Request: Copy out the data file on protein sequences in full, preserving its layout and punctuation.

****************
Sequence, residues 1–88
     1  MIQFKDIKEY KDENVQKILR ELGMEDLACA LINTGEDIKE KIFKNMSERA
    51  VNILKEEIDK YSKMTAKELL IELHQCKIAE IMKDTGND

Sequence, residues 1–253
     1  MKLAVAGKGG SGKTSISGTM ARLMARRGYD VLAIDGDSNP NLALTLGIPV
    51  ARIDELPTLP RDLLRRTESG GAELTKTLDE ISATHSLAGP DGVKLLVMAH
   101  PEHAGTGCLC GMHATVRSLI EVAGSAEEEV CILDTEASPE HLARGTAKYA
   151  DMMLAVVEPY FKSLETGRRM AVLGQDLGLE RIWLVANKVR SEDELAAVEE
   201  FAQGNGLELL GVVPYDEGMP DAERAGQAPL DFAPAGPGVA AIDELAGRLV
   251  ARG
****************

Sequence, residues 1–88
     1  MIQFKDIKEY KDENVQKILR ELGMEDLACA LINTGEDIKE KIFKNMSERA
    51  VNILKEEIDK YSKMTAKELL IELHQCKIAE IMKDTGND

Sequence, residues 1–253
     1  MKLAVAGKGG SGKTSISGTM ARLMARRGYD VLAIDGDSNP NLALTLGIPV
    51  ARIDELPTLP RDLLRRTESG GAELTKTLDE ISATHSLAGP DGVKLLVMAH
   101  PEHAGTGCLC GMHATVRSLI EVAGSAEEEV CILDTEASPE HLARGTAKYA
   151  DMMLAVVEPY FKSLETGRRM AVLGQDLGLE RIWLVANKVR SEDELAAVEE
   201  FAQGNGLELL GVVPYDEGMP DAERAGQAPL DFAPAGPGVA AIDELAGRLV
   251  ARG